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Building an Open Source J2EE Weblogger
Pages: 1, 2

Castor JDO

The business tier uses Castor JDO to store and retrieve Value Objects to and from a JDBC-accessible database. Castor JDO is part of the larger Castor data-binding framework, which according to the Castor Web site is "the shortest path between Java objects, XML documents, SQL databases, and LDAP."



As a persistence framework, Castor JDO is similar to commercial object-relational mappers such as TopLink and Cocobase. Castor JDO fulfills a role similar to that of Sun's Java Data Objects, but Castor JDO is not an implementation of Sun's JDO specification (JSR-000012). Castor JDO allows you to define a mapping between Java classes and tables in a relational database. You can then issue queries using Castor's own Object Query Language (OQL) and receive the results as collections of Java objects.

Before you can use Castor JDO, you must provide a mapping file -- an XML file that maps each class to a database table and each class property to a field within a database table. Below is a portion of Roller's mapping file.

<mapping> 
<class name=org.roller.model.BookmarkData" identity="id"
    access="shared" key-generator="UUID" auto-complete="false">
    <map-to table="bookmark"/> 
    <cache-type type="count-limited"/>
    <field name="folderId" type="java.lang.String"></field>
    <field name="id" type="java.lang.String"></field>
    <field name="image" type="java.lang.String"></field>
    <field name="name" type="java.lang.String"></field>
    <field name="priority" type="java.lang.Integer"></field>
    <field name="url" type="java.lang.String"></field>
</class>
...
</mapping>

Once you provide Castor with a mapping file, retrieving a collection of objects from the database can be as simple as the code snippet shown below:

// Construct a new query and bind its parameters
String query = "SELECT p FROM BookmarkData p WHERE websiteId=$";
OQLQuery oql = db.getOQLQuery( query );
oql.bind( websiteId );

// Retrieve results and print each one
QueryResults results = oql.execute();
while ( results.hasMore() ) {
   BookmarkData bookmark = (BookmarkData)results.next();
   System.out.println( bookmark.toString() );
}

XDoclet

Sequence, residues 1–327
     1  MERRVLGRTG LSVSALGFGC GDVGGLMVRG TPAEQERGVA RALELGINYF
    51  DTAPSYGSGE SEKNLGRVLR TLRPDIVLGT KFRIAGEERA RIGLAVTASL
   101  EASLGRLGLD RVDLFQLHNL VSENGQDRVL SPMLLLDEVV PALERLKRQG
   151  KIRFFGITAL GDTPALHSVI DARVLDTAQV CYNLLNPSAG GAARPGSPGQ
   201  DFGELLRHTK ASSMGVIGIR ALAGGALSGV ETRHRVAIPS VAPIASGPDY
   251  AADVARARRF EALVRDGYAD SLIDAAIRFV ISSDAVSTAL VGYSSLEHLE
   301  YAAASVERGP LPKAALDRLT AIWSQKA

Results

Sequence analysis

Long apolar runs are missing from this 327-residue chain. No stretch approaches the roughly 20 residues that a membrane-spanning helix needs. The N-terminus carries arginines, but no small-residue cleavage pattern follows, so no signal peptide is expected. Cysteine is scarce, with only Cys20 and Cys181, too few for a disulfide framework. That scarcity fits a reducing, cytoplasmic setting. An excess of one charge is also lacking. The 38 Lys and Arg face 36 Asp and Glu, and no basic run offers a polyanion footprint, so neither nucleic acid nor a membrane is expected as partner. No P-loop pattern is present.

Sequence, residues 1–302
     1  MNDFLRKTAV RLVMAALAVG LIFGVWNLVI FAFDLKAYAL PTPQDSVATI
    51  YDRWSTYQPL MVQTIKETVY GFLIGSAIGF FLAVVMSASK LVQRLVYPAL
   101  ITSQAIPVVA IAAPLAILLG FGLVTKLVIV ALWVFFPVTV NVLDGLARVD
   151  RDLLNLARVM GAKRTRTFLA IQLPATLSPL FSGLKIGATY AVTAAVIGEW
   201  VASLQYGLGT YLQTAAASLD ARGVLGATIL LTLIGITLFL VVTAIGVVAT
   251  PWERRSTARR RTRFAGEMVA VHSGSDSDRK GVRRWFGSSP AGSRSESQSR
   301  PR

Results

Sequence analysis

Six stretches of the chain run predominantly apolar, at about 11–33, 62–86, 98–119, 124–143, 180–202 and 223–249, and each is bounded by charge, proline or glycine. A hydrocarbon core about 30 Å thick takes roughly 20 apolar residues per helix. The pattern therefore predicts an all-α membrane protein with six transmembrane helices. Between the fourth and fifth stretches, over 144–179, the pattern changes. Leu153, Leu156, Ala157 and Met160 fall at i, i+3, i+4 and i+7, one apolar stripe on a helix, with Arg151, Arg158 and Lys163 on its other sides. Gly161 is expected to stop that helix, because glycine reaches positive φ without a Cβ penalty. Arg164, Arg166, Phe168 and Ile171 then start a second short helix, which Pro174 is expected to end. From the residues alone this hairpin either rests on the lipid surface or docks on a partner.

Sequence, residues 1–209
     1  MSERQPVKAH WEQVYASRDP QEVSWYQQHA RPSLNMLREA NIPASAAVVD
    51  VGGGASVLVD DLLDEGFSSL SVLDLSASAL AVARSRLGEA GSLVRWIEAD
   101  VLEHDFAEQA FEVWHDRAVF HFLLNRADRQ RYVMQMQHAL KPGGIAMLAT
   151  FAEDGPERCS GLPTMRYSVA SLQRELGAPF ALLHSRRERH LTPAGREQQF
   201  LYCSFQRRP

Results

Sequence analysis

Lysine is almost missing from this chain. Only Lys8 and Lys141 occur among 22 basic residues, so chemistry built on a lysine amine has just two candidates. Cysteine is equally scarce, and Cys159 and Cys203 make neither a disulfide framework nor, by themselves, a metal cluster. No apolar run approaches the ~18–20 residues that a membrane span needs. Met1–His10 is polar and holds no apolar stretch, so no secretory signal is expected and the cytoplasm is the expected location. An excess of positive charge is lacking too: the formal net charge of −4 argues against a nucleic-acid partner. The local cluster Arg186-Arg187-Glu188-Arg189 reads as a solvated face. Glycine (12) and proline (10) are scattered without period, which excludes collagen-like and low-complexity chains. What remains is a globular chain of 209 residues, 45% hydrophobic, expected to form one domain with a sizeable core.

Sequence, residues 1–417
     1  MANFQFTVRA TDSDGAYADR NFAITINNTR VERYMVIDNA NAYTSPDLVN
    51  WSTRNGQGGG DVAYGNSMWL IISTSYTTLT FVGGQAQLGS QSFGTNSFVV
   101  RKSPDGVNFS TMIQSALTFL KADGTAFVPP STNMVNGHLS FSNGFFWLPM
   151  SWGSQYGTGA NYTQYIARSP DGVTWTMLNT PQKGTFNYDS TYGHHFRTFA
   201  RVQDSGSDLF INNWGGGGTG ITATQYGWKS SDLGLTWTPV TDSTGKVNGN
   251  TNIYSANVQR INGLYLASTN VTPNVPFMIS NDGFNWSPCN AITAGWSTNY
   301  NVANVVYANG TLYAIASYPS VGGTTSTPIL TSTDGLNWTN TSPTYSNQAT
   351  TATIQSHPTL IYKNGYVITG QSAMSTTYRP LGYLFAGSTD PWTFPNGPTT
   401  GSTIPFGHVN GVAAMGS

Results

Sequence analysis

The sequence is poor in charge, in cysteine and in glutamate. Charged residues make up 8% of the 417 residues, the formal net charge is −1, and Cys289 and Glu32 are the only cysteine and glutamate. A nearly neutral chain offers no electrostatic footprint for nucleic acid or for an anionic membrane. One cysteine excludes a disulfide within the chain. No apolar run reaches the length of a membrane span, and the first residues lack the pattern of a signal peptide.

XDoclet is a code generator that is implemented as a Javadoc extension, a Doclet. To use XDoclet, you place special Javadoc tags in your Java source code. Based on these tags, XDoclet can generate additional Java code that supports your classes, mapping files that map your classes to database tables, and deployment descriptors that assist in deploying your classes.

XDoclet started out its life as EJBDoclet, a tool that allows you to implement an Enterprise JavaBean by writing just one source code file. Now, the XDoclet product includes two Doclets: EJBDoclet and WebDoclet. EJBDoclet is for generating EJB classes, value objects, and database mappings. WebDoclet is for generating all sorts of Servlet Web Application deployment descriptors, including web.xml files, Tag Library Descriptors, and Struts configuration files.

The Roller build process uses both EJBDoclet and WebDoclet, as shown in Figure 4. In Step 1, EJBDoclet is used to process a set of abstract classes of type javax.ejb.EntityBean -- one for each one of the Roller Value Objects. From these classes, EJBDoclet generates a Castor mapping file, the Roller Value Object classes, and a set of corresponding Struts form classes. In Step 2, WebDoclet is used to process a source directory that contains JSP tags, Servlet classes, and Struts classes. The output of the WebDoclet is the complete set of Roller Web Application deployment descriptors.

Diagram.
Figure 4: XDoclet and the Roller Build Process

Below is a simple example bean that shows the EJBDoclet tags necessary to create a Value Object. The @castor tags provide the information needed to generate the Castor mapping entries for the bean. The @ejb tags provide the information needed to generate the Value Object and a complete EJB entity bean (which Roller does not use).

/**
 * Represents a single URL in a user's favorite web-bookmarks collection.
 * @ejb:bean name="Bookmark" type="CMP" jndi-name="roller/Bookmark"
 * @ejb:data-object extends="org.roller.model.ValueObject"
 * @struts:form 
 * @castor:class name="bookmark" table="bookmark" xml="bookmark"
 *               id="id" key-generator="UUID"